Found a needle in a haystack (a new bird)

My first sighting of a snail kite. He flew by me on the boardwalk and scooped up a snail. The pink stuff on the end of those sticks in the back are apple snail eggs. The lake was full of them. It looked like the lake had been sprinkled with Pepto Bismal.

Another snail kite flies by me really close. For once I was ready and able to get a decent shot.

He went past me while I was still shooting. Later when I cropped this up I noticed you could see his foot holding on to that snail. He took off across the lake to enjoy his snack.

Female snail kite sitting in some dead mangroves.

Another one flies by and gets a snail!

I had been hearing about some snail kites being seen at Medard park in east Hillsborough county. It’s very rare to have snail kites in this area. I have been meaning to get out there and finally had the chance at the end of September. I’m driving 45 minutes towards the center of the state thinking this is going to be like looking for a needle in a haystack. Looking for a rare bird in this huge park which includes a campground. I always feel like I don’t have that kind of luck. Well, I should have bought a lottery ticket on the way home. I drove around the park for a few minutes trying to decide where to start. I saw a boardwalk that crossed the lake and stopped there. Within minutes of walking on the boardwalk, a snail kite flies right over my head. Minutes later another one flies by. Then I realize a female is sitting in the mangroves close by the boardwalk. Since the apple snail population there has exploded I guess it has attracted these kites to the lake. I heard later that there were two nests across the lake and the juveniles have just fledged. Besides, the snail kites there where other cool birds there so I can’t wait to get back out there.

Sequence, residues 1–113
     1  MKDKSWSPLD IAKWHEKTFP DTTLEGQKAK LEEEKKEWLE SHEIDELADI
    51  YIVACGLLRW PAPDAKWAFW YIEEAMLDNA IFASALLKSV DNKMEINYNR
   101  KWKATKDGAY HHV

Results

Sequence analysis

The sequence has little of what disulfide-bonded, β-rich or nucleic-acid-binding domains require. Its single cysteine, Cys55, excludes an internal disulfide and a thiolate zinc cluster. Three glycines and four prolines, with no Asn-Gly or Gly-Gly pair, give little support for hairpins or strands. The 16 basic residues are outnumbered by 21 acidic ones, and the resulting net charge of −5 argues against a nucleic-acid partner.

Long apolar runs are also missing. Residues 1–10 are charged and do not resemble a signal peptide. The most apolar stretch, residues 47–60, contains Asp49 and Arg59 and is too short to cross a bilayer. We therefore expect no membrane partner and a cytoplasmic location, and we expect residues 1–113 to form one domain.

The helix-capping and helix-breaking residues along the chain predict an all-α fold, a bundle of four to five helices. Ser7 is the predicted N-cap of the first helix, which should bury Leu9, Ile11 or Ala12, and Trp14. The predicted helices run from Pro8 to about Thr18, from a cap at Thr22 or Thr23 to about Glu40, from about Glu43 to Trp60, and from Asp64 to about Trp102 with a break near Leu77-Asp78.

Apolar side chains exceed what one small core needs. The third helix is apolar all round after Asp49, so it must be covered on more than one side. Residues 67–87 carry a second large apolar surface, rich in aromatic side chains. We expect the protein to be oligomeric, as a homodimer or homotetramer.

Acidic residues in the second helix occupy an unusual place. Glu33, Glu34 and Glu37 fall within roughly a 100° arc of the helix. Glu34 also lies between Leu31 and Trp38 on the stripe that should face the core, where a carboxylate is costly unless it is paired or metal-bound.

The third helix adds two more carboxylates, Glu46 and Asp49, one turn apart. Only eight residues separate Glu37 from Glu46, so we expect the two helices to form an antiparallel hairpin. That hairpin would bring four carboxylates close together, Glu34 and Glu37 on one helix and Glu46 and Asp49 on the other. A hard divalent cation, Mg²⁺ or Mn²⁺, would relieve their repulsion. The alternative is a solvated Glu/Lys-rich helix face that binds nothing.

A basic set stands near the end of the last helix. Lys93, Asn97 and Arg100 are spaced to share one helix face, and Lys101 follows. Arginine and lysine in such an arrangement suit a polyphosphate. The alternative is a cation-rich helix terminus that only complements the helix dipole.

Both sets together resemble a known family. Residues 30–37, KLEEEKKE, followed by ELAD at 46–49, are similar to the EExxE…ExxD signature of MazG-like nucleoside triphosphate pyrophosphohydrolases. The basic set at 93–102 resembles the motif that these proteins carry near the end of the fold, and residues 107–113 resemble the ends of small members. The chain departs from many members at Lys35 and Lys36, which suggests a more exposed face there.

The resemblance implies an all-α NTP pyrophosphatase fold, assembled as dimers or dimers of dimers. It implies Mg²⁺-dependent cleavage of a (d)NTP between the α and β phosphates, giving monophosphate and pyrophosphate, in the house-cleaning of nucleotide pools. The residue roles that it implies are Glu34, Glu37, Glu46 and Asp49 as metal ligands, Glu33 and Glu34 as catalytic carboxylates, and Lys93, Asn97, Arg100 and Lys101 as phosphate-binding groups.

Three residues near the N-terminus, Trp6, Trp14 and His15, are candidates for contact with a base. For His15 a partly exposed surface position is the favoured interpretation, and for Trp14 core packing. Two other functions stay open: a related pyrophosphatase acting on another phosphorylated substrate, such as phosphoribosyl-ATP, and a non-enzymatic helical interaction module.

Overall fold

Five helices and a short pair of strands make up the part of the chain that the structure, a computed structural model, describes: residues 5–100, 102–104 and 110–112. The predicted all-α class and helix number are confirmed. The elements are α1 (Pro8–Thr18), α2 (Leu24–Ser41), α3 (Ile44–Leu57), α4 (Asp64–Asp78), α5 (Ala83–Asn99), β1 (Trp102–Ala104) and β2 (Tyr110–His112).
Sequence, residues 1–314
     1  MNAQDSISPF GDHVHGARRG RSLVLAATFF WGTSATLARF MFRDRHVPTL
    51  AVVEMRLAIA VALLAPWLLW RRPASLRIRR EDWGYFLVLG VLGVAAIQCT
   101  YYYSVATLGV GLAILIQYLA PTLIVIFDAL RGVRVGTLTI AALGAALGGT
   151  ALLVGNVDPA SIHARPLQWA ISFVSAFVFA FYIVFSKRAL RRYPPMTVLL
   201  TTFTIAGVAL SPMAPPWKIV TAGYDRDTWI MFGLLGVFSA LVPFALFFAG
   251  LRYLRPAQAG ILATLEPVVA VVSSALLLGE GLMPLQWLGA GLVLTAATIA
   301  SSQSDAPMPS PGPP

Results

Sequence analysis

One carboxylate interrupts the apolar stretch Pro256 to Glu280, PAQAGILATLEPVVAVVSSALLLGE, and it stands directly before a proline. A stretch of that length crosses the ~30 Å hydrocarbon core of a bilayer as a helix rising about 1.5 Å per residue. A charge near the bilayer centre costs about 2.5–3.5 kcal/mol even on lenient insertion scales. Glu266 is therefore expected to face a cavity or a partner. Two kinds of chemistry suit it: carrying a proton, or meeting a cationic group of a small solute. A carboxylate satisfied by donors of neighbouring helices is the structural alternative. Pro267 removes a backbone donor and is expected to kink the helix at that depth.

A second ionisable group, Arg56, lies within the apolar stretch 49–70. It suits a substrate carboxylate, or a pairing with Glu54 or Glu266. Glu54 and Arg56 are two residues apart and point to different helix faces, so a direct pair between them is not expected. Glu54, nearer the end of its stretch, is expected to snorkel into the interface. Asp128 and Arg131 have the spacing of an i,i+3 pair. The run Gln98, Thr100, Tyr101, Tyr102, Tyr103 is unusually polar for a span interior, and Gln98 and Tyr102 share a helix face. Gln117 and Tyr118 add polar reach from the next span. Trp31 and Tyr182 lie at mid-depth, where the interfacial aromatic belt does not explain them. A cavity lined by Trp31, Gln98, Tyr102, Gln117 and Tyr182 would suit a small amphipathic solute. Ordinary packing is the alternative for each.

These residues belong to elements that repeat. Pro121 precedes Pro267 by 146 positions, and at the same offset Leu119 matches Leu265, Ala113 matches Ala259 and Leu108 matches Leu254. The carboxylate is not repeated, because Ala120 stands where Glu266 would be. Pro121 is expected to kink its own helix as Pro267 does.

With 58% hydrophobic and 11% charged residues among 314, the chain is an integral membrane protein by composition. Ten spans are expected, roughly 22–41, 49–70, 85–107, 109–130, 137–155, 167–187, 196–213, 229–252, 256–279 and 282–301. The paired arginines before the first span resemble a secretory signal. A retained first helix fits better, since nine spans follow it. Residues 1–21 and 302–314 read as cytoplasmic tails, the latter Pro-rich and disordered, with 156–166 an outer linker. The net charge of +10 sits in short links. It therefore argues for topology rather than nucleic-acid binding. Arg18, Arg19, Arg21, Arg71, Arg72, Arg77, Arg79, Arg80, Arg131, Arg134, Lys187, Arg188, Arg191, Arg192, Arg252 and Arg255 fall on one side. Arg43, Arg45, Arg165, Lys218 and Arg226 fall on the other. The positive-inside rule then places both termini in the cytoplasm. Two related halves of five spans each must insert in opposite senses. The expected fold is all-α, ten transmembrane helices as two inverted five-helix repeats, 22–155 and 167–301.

As I was leaving the park I saw this bird flying up high. I thought it might be a snail kite but when I got home and cropped it up I noticed it looked different. I went through all of the hawks, harriers and falcons in my Stokes Bird guide and couldn’t figure out what it was with that white stomach. If anyone had an idea I’d love to have an ID on it or at least somewhere to start.

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